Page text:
It would make for a much better story if the rivalry between the towns of Roseau and Warroad, located just 22 miles apart in Northern Minnesota, was a vicious one. It would be great to say one town is full of snobs and the other populated by bumpkins, that someone had swiped a statue out of the town square many moons ago.
But that would not be true.
The fact of the matter is one of the greatest high school rivalries in the state – perhaps in the country – is downright cordial.
“I think it was more heated when they were in the same class,” said Milo Ravndalen, a farmer from outside of Warroad, whose son Bryce is a star on this year’s Warriors team. “I think it actually makes for better games, because the kids can go out and have fun and not worry about their place in the division standings as much.”
Indeed, when Minnesota broke up its sections based on size of schools, Roseau and Warroad were separated, though they still play each other twice a year and are in the same conference.
Not only does that defuse the tension, but geography and rink availability have actually brought the Rams and Warriors closer together.
“We’re all pretty good buddies,” said Rams power forward Nick Oliver. “There’s a couple weeks in the summer where they have ice and we don’t, so we skate together.”
Milo Ravndalen has also coached a slew of Rams in summer and fall hockey, while Bryce knows several Roseau players quite well and will team up with Oliver at St. Cloud State once their high school careers finish.
“Hopefully we get to room together,” Bryce said. “We’re anxious to get to the next level. We talk all the time about what it will be like to play in front of 5,000 people.”
Bryce Ravndalen is the top scorer on the Warriors and the only non-Roseau player in the top six of Mariucci Conference scoring – linemate Jeremy Hahn comes in at No. 7.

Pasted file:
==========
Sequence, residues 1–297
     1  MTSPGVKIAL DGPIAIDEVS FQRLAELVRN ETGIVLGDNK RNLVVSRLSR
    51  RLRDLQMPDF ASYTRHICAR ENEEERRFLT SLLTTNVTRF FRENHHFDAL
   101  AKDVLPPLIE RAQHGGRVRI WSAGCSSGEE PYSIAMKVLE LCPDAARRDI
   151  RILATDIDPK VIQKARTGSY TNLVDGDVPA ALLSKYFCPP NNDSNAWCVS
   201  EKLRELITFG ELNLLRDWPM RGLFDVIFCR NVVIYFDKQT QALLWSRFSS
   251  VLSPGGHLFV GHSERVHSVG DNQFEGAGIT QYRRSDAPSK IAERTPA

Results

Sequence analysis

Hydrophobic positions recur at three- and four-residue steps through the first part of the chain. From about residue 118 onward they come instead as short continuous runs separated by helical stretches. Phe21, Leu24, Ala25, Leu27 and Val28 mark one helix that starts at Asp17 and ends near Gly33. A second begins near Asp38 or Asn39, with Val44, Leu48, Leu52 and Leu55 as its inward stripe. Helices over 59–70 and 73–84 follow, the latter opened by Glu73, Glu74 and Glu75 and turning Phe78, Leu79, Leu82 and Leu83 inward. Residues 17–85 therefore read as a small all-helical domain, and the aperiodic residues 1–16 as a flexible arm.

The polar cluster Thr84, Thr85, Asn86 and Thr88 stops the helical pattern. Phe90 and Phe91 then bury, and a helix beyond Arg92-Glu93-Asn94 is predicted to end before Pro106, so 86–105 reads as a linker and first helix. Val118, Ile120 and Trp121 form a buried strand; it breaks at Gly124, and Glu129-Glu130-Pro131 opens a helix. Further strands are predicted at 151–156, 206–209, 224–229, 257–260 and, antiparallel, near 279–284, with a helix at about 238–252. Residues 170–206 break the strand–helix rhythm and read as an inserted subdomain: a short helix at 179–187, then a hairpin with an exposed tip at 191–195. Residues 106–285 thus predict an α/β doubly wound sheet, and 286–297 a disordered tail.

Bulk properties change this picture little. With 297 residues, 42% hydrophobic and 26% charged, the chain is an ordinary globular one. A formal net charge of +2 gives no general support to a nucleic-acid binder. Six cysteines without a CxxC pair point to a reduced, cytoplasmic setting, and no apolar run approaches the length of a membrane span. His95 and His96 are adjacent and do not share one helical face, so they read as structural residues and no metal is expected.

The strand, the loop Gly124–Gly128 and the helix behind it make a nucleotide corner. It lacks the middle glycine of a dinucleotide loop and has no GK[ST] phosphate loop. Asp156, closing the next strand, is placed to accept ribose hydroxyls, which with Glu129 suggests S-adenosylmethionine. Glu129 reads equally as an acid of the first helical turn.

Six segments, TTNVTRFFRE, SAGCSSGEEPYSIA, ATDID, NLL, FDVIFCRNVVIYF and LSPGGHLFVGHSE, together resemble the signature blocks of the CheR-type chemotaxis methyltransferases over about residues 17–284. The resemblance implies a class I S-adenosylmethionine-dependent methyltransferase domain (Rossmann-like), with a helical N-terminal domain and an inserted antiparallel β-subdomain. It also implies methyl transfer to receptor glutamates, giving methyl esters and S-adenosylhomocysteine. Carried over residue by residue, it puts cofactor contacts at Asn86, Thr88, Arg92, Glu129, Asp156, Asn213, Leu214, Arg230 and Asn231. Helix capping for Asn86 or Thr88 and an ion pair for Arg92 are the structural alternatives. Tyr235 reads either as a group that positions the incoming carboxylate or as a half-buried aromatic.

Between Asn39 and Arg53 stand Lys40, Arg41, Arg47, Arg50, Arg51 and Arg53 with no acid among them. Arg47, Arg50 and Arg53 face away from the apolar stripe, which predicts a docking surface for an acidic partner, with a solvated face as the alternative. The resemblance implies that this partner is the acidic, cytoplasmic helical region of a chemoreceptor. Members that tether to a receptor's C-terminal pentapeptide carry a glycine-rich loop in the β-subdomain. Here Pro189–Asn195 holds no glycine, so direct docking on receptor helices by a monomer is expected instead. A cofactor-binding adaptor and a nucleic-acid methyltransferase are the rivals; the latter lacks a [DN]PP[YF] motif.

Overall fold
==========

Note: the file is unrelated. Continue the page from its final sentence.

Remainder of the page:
Ravndalen, who is about 5-foot-8 and 170 pounds, has been compared to everyone from Maple Leafs winger Jason Blake to St. Louis prospect Jay Barriball, both Minnesota natives.
But despite the friendships and goodwill between towns, make no mistake: Winner takes all in this battle.
“When it comes down to the game, we don’t talk much,” said Ravndalen of his Roseau buddies. “It’s about respect.”
So did the Rams hear about it from townsfolk earlier this week?
“This week?” laughed Rams right-winger Ben Nelson. “You get it all the time.
“I’ve been asked four or five times today,” Nelson said on Monday. “People come up to you and say, ‘here’s what you gotta do to beat Warroad.’ It’s pretty nuts.”
And should your team lose, don’t expect the friends down the road to keep quiet.
“I do a lot of banking in Roseau, a lot of farm business,” said Milo Ravndalen. “And whichever way it goes, you’ll get ribbed about it.”
The younger Ravndalen knows what a Roseau-Warroad tilt means at game time, too.
“At the Memorial (in Roseau), you can’t hear anything, same at the Gardens (Warroad’s rink),” he said. “If you’re in the building, you’ll be wild.”
And for the first meeting of the season, which took place Wednesday night, it was the home team Roseau Rams keeping their undefeated record intact, besting the Warriors 5-2 on goals from five different players, with Oliver scoring the eventual game-winner.
It must have been a long 22-mile bus ride back to Warroad.
The Hockey News will be following the Roseau Rams high school hockey team every week, chronicling its journey on the road back to the state championship and providing an inside look at what its like to be a teenager on one of the most fabled varsity teams in America.
Click HERE to read previous Year of the Ram stories.
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